2 Issues to be overcome to make process mining better to be used
As seen in the acquisition of Signavio, a major tool vendor, by SAP and myInvenio by IBM, process mining is increasingly recognized as an important tool that is part of IT solutions. However, there are issues that need to be overcome in order for it to be used properly in business practices and to bring results. In this section, I would like to present the main issues from two perspectives.
2.1 Difficulties in data preprocessing
In data mining, it is said that about 80% of the total time required is spent on data preprocessing such as data collection, extraction, and cleaning. The same is true for process mining. It takes a lot of effort to properly integrate dozens to hundreds of data files extracted from various IT systems, to correct dirty data such as omissions and garbled characters, and to create a “data set” that can be fed into tools for analysis. Factors that make data pre-processing in process mining difficult include the fact that the source of data extraction is various business systems, and thus an understanding of the business systems is necessary. In addition, in order to create a data set to derive analysis results that contribute to business process improvement, it is necessary to understand the business itself and to have some familiarity with business improvement methods.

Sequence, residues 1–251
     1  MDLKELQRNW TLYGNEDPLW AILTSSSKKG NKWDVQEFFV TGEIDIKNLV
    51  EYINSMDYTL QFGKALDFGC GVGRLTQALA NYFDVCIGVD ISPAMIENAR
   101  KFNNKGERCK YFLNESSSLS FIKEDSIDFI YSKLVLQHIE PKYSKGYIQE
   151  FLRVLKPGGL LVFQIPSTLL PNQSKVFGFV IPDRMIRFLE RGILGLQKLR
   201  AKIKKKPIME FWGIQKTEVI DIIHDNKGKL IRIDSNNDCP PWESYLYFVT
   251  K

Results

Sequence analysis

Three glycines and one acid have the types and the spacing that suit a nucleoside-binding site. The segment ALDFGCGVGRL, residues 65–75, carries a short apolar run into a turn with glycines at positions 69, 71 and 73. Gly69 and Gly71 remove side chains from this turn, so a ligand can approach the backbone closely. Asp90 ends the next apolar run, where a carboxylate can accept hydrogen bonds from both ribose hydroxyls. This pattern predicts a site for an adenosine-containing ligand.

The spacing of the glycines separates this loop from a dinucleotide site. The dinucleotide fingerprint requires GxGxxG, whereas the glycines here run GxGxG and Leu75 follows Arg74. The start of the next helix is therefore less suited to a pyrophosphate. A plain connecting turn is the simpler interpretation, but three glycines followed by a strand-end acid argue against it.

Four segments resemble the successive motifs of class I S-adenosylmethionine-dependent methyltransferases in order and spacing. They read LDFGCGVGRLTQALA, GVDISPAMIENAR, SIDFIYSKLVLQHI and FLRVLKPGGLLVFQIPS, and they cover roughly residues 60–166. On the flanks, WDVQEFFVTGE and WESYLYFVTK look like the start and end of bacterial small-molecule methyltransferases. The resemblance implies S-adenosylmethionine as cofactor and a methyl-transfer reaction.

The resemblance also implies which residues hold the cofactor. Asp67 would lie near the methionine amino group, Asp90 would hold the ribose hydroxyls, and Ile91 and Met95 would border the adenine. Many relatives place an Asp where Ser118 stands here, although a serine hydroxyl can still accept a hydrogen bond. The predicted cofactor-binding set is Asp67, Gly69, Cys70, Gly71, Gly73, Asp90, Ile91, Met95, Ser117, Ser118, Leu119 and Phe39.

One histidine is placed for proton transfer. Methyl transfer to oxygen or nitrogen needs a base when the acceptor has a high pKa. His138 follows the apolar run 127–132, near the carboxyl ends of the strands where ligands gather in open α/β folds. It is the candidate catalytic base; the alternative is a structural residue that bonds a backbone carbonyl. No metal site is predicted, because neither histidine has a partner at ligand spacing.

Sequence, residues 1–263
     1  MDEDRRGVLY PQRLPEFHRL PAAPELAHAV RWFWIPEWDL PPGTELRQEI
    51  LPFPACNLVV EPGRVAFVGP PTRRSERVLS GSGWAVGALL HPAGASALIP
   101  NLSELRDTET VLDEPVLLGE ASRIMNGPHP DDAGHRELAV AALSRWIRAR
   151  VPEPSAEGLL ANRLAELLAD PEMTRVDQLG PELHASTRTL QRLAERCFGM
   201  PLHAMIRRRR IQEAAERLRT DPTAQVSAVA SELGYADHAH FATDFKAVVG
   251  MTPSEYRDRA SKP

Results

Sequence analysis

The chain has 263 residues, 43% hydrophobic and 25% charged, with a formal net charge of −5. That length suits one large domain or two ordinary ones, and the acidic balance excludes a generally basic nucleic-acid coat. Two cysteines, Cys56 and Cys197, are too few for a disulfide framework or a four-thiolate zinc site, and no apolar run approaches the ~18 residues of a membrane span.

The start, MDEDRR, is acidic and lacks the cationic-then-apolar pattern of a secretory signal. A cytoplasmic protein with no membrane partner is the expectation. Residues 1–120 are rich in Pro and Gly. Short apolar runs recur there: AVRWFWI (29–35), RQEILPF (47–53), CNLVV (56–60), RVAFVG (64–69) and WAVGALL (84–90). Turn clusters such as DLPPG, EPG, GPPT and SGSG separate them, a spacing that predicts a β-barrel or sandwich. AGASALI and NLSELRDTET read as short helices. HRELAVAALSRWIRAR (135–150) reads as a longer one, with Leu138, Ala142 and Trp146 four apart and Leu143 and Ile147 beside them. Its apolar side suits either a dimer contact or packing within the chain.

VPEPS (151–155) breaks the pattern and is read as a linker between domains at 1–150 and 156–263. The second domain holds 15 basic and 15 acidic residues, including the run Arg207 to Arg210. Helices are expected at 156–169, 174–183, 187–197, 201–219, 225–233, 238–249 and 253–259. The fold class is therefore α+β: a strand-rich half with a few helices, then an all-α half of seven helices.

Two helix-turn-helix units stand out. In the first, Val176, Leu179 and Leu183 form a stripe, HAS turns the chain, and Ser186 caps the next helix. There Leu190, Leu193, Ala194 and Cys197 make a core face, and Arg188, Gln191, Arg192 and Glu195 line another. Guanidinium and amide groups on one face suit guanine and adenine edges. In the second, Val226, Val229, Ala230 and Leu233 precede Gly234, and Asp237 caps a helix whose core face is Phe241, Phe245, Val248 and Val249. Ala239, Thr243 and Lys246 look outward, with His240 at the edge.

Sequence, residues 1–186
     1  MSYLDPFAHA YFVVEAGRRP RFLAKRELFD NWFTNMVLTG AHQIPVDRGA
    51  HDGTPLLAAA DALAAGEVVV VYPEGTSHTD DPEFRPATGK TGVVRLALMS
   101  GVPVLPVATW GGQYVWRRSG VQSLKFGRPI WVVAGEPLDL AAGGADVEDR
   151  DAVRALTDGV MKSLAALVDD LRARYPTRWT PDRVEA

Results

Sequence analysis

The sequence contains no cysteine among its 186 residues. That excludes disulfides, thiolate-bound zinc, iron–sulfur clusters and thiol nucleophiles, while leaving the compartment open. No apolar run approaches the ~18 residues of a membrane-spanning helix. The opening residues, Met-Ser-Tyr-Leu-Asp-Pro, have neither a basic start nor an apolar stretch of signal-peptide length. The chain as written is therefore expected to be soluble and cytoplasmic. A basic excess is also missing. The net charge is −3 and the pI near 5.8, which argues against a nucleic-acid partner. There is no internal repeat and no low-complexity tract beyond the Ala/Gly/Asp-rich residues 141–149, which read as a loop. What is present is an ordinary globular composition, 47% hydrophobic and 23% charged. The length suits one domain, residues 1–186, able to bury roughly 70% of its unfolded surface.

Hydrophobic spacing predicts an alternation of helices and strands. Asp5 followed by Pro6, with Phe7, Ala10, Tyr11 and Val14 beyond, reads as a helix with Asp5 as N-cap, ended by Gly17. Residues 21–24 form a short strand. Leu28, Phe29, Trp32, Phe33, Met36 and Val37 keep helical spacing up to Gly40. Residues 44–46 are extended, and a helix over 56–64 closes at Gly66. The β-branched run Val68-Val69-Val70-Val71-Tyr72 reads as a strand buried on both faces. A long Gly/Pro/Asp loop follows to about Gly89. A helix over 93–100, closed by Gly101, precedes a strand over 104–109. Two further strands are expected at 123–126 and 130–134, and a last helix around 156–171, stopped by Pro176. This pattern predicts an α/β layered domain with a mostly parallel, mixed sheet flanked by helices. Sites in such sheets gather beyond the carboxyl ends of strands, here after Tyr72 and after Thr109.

2.2 Analysis quality of tools